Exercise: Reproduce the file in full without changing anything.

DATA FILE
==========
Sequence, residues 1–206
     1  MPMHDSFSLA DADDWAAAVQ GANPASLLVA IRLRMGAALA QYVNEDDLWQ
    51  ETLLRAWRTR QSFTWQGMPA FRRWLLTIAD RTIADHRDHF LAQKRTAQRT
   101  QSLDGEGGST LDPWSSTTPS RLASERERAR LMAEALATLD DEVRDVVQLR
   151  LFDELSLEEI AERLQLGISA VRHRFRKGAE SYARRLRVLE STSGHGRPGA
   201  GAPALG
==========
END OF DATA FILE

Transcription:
Sequence, residues 1–206
     1  MPMHDSFSLA DADDWAAAVQ GANPASLLVA IRLRMGAALA QYVNEDDLWQ
    51  ETLLRAWRTR QSFTWQGMPA FRRWLLTIAD RTIADHRDHF LAQKRTAQRT
   101  QSLDGEGGST LDPWSSTTPS RLASERERAR LMAEALATLD DEVRDVVQLR
   151  LFDELSLEEI AERLQLGISA VRHRFRKGAE SYARRLRVLE STSGHGRPGA
   201  GAPALG